So tonight, I am writing with gratitude.  Sure, I have been feeling a little like I have been run over by a Mack truck these past several weeks, with three hospital episodes for the family, being gone with my mom, and trying to get back to some routine here until I travel back out to be with her as she transitions hopefully back to her home.  But there is so much to be thankful for, in spite of it all.  I could be at Angela's bedside post-surgery this evening, instead she is tucked away in bed with Vicodin as her friend.  Dominick's facial cellulitis several weeks ago could have meant his wide smile was literally eaten away by bacteria.  Mom, though recovering slowly, is making gradual progress back toward independence when the outcome could have been far worse. Teeth will be fixed somehow, eyes (at least one set) have glasses on them, and food is in the cupboard.

We are together, and we are managing with the help of beloved friends who come alongside us each and every time...even though I worry about Friendship Fatigue at this point.  It seems we are in the midst of some weird Vortex of Adversity that isn't allowing us to catch our breath or, more importantly, offer assistance and encouragement to others in the way we are receiving it in such abundance.  We never seem to be able to offer to others as much as we have been given, but it is important to us that we try to do what we can.  We can't even stop the roller coaster long enough to jump off right now, let alone sit alongside others we care about as they have their share of a ride.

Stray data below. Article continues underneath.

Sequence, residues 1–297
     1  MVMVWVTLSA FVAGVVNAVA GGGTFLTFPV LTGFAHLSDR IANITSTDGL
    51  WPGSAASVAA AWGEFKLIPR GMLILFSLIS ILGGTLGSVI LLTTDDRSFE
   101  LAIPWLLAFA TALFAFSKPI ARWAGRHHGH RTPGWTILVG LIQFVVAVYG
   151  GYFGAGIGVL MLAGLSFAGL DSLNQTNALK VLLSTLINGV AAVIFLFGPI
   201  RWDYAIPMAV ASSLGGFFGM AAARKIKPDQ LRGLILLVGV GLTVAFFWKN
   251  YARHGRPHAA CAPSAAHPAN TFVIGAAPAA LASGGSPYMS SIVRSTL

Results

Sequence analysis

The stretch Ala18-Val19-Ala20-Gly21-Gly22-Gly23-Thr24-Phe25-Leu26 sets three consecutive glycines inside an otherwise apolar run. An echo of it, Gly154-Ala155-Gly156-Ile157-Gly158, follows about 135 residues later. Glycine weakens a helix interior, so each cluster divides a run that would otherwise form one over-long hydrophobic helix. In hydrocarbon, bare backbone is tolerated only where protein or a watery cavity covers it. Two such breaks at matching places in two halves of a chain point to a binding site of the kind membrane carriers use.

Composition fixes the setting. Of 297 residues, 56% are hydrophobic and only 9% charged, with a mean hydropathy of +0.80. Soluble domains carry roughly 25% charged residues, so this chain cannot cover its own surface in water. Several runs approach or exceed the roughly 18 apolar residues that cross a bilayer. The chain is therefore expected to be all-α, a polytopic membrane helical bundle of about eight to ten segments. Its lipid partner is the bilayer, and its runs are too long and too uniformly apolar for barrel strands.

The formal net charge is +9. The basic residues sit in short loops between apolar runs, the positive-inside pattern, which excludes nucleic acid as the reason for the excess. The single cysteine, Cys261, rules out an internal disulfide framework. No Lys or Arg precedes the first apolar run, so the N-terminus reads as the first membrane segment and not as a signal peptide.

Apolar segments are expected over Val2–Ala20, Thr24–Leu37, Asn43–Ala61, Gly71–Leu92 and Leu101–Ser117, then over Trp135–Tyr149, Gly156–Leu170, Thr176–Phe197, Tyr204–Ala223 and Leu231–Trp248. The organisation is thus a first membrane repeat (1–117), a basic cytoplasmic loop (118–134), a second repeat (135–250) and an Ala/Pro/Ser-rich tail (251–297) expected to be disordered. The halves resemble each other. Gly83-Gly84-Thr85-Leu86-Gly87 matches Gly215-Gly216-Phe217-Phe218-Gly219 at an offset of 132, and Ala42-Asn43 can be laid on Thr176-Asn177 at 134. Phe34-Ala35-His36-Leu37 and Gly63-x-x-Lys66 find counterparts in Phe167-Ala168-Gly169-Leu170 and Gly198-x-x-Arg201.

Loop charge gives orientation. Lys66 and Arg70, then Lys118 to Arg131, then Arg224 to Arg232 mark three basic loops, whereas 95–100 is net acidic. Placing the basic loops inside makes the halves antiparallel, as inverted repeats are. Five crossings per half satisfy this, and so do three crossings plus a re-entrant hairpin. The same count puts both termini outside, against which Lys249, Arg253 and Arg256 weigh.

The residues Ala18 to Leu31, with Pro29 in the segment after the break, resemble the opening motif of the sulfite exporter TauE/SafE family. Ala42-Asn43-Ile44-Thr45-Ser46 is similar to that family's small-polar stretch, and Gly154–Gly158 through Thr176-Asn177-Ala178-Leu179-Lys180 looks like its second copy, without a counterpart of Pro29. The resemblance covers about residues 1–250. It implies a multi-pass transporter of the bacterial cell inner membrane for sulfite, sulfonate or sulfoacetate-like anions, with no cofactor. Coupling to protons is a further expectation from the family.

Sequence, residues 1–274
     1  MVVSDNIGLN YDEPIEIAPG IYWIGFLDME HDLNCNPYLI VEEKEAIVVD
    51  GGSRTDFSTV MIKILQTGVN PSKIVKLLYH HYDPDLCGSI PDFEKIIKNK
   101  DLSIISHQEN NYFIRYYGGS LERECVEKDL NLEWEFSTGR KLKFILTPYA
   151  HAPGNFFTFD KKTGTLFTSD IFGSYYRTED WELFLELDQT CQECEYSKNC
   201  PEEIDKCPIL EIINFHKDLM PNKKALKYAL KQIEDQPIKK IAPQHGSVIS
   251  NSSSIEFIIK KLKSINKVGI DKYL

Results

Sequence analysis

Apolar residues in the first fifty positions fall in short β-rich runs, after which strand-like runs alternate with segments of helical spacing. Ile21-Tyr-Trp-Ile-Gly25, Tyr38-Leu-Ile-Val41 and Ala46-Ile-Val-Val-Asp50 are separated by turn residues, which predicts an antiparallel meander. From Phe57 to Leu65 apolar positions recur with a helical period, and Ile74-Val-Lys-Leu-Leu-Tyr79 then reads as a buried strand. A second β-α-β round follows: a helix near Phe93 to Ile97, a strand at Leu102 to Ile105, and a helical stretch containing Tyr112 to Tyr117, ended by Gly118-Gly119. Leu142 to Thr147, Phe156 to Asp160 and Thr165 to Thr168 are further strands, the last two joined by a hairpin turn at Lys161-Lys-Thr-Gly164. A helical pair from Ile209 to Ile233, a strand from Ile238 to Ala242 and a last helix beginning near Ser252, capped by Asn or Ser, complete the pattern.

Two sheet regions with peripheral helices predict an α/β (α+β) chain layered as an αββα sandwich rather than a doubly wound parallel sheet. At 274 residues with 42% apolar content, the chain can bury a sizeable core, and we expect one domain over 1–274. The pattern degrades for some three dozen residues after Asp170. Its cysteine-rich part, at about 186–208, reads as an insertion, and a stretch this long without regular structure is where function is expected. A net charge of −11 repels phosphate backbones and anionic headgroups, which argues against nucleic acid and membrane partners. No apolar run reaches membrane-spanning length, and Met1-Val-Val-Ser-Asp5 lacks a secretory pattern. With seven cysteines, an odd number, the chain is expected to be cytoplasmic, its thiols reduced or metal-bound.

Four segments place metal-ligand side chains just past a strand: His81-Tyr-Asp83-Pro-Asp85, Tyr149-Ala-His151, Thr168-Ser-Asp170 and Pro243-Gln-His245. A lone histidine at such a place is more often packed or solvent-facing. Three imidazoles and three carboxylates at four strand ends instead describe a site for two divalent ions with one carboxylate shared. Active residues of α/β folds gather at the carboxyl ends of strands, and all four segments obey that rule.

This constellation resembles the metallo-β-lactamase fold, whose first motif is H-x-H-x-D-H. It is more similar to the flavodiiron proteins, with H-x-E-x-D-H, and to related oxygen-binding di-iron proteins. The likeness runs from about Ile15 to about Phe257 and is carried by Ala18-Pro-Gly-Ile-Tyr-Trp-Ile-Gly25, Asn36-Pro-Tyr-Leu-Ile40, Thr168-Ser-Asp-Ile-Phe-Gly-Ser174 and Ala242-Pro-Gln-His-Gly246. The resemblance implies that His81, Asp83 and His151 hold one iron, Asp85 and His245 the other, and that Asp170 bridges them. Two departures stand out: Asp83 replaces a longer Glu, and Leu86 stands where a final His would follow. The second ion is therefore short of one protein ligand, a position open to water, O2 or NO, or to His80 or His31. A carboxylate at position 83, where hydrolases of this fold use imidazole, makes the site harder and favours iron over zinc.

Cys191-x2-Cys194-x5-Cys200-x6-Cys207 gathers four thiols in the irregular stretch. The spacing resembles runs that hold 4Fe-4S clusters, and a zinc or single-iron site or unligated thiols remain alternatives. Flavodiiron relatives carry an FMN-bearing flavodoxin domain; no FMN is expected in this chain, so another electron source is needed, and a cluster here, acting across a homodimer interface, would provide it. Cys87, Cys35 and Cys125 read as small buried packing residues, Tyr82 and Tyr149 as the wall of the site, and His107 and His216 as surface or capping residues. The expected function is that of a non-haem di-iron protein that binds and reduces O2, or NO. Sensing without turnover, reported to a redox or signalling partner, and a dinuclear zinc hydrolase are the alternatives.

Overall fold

So, tomorrow we start the week all over again, but I am definitely NOT posting "It's a Happy Tuesday!"...I feel at this point it is better not to tempt Fate!


Anonymous said...

Goodness! I am so glad Angela will be okay!
When it rains it pours. I still don't understand why it all happens at once. Maybe so we can appeciate those momments when things are a bit smoother?

On the rotting teeth. My bio kids all had this happen to their baby teeth. After much research, I found that they are lacking magnesium. Mag is essential for teeth and bone strength and allows the body to absorb calcium. It also helps calm the nerves and promotes sleep. I found this out just in time to stop the youngest's tooth decay. He had already lost 6 teeth to crumbling, but the other two stopped deaying and have filled in with a hard substance.

Prayers for you all.

Jane said...

I hope Angela recovers well and quickly. I have watched the debate about Obamacare with interest. I live in England and love the blessings of our National Health Service. I have never had to consider finances when deciding whether or not to take my children to see a doctor, and we have prescription drugs for them without charge too. Our family G.P. (general practitioner) is excellent and does not hesitate to refer to consultants if needed. The NHS is not perfect but it has always been there for me and mine and I am thankful for it.